CHARLESTON, S.C. – U.S. Senate on Capitol Hill | AP Photo Former U.S. Defense Secretary Mattis Testifies in Elizabeth Holmes Fraud Trial
Former U.S. Defense Secretary James Mattis testified in a fraud trial Friday that hospital records from Amazon Inc’s cloud service were mishandled, and that it was possible at least some of the evidence was stolen.
Matthews testified in federal court in Charleston, South Carolina, as the trial for former Theranos CEO Elizabeth Holmes, who is accused of orchestrating a $9.7 billion fraud, ended. He said in October that the Homeland Security Department was investigating information stolen from the U.S. Department of Defense system.
“The records were mishandled,” Mattis said, according to a transcript of the hearing that was released on Friday. “I believe in these matters, that security needs to be improved or enhanced.”
During his testimony, Mattis said investigators were looking into how, or whether, stolen information from the Defense Department cloud might have ended up in Holmes’ possession.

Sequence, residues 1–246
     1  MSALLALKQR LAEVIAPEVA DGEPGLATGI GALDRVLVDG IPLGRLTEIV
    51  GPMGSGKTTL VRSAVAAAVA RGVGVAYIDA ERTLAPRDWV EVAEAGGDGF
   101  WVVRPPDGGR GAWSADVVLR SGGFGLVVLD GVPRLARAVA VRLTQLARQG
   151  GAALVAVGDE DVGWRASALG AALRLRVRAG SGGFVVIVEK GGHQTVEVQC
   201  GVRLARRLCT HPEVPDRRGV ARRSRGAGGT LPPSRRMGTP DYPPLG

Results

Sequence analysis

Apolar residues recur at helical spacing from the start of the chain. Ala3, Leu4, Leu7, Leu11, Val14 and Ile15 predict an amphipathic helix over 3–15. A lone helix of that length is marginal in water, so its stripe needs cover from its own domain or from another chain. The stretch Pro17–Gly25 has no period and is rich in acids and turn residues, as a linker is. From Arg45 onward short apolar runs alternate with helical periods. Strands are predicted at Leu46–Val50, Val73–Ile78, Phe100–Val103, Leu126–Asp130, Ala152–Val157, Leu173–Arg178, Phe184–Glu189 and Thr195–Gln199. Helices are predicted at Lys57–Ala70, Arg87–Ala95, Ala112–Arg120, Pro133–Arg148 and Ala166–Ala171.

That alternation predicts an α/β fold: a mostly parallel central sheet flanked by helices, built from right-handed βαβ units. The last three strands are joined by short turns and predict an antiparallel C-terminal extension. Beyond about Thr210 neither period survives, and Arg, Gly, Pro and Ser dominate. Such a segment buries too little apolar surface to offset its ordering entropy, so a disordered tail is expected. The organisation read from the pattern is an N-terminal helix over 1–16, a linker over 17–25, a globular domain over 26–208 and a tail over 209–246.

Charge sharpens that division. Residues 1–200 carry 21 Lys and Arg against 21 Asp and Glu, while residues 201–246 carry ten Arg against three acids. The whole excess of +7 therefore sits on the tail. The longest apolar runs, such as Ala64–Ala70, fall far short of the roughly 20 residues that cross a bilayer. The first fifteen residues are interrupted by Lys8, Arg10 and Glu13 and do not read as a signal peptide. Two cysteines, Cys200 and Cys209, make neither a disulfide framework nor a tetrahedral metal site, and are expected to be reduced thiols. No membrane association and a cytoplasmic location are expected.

“The documents were in connection with the Defense Department’s use of Amazon Web Services,” he said. “There is an incident report which showed the photographs and the videos were being displayed on connected devices on the Amazon Web Services cloud.”
Holmes’ defense attorneys said in court documents that government investigators lacked the technology background to understand the cyber security issues, but argued that the testimony of Mattis, one of the Pentagon’s highest-ranking officers, showed evidence of the security problems.
A spokeswoman for the Department of Homeland Security declined to comment on the evidence probe. A spokeswoman for Amazon, the world’s largest online retailer, did not immediately respond to a request for comment.
The trial had previously heard testimony that the laptop of Holmes’ business partner Rajiv Grover contained information from the Defense Department cloud.
Holmes, who co-founded Theranos in Palo Alto, California, in 2003 with Grover, is accused of obstructing justice by using a secret defense Department email address to communicate with a Theranos attorney. Holmes has pleaded not guilty.
If convicted, Holmes faces up to 20 years in prison and a $250,000 fine.
Holmes co-founded Theranos in 2003 with Grover. One investor said in October that he was no longer involved with the company.